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United States Supreme Court

105 U.S. 45

Head  v.  Hargrave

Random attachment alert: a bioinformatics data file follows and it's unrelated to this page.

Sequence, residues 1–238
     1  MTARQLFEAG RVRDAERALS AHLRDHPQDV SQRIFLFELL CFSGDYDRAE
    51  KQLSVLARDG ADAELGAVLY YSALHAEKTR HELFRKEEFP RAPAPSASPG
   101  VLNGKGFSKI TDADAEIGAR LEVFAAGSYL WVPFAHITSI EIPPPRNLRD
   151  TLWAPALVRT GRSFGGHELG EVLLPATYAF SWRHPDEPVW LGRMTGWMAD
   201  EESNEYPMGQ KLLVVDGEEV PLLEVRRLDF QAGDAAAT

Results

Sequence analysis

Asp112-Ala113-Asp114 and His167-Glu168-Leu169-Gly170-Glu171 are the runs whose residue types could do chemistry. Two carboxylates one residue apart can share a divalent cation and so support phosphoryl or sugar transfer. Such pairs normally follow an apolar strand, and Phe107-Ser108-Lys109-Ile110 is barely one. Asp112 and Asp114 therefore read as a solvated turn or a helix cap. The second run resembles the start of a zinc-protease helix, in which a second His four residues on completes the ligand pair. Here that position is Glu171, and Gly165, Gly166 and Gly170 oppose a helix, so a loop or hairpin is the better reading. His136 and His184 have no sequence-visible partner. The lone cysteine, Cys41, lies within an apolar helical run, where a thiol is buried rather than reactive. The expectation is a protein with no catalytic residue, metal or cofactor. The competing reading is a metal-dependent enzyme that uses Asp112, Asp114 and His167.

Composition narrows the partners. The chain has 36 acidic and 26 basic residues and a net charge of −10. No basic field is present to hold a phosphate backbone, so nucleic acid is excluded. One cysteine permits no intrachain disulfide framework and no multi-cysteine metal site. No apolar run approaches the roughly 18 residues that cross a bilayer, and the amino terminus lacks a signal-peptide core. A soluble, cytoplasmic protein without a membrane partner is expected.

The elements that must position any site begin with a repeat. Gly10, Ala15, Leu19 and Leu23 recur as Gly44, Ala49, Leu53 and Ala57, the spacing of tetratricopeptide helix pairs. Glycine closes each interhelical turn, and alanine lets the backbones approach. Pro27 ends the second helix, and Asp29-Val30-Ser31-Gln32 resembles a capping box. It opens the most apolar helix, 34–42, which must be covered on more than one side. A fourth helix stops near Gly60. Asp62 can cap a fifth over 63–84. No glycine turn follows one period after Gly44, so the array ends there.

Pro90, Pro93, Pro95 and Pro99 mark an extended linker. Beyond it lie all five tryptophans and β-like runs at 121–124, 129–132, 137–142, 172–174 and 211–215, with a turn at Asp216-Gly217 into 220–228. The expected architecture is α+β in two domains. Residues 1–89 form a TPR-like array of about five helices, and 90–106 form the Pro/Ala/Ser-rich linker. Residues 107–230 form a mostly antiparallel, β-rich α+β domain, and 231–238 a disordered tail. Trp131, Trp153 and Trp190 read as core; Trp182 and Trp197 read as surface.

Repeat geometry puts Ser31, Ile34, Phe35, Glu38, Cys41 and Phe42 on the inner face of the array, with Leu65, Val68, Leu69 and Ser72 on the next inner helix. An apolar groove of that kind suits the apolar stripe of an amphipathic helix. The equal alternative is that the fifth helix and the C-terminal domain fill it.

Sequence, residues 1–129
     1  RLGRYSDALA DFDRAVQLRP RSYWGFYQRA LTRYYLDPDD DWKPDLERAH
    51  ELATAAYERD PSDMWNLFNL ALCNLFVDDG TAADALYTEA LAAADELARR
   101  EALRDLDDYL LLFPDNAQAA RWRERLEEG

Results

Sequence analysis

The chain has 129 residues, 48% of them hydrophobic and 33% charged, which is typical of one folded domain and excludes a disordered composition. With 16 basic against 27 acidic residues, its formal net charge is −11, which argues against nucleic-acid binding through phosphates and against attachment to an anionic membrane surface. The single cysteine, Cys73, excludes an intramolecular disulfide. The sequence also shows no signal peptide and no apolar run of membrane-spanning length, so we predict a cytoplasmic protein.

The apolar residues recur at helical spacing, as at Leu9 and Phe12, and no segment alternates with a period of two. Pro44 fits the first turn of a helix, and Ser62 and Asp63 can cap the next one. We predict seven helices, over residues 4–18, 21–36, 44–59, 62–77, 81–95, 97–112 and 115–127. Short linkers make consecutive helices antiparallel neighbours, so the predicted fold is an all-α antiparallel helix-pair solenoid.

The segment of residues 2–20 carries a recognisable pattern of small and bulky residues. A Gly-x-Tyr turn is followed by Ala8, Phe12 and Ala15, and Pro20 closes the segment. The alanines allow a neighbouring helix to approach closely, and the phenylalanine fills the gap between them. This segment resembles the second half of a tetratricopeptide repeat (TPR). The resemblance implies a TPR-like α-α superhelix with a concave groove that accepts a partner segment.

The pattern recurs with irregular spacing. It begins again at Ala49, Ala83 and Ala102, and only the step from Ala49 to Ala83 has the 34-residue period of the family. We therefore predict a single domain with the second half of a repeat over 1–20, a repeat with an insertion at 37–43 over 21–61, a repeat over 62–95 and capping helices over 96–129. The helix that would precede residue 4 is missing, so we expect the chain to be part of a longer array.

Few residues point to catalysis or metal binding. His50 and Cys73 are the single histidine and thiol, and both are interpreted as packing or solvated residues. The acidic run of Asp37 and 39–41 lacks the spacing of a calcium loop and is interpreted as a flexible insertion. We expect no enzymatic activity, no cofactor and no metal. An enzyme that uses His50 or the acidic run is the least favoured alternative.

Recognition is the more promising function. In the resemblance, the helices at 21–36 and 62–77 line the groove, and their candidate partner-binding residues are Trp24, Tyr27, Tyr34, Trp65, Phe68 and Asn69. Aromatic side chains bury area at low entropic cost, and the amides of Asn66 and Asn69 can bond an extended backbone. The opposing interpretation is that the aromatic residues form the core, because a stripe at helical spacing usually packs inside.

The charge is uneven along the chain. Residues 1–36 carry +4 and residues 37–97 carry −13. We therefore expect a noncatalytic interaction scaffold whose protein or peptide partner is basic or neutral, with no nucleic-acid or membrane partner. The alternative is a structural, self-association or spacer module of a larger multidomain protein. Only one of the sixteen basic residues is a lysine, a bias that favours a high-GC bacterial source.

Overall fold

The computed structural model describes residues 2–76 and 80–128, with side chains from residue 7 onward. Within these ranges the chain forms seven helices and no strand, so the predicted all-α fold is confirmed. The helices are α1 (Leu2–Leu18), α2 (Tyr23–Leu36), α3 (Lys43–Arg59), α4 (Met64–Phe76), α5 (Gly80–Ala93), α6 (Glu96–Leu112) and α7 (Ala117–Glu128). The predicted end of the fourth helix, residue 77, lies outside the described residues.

The defendants in error object to the use of the statement, which sets forth the exceptions taken, as not constituting a part of the record before us. The ground of the objection is, that the statement was prepared for and used on the motion for a new trial, with the disposition of which this court cannot interfere. The objection would be tenable but for the stipulation of the parties that the statement might be used on appeal from the judgment. A statement of the case, according to the law regulating civil proceedings in the Territory, takes the place of a bill of exceptions, when the alleged errors of law are set forth with sufficient matter to show the relevancy of the points taken. It is not the less available on appeal from the judgment when, by stipulation, it is embodied in the record for that purpose, though used on the motion for a new trial. We have had occasion to refer to this subject in Kerr v. Clampitt, which arose in Utah, where a similar system of procedure in civil cases obtains; and it is unnecessary to repeat what is there said. 95 U.S. 188.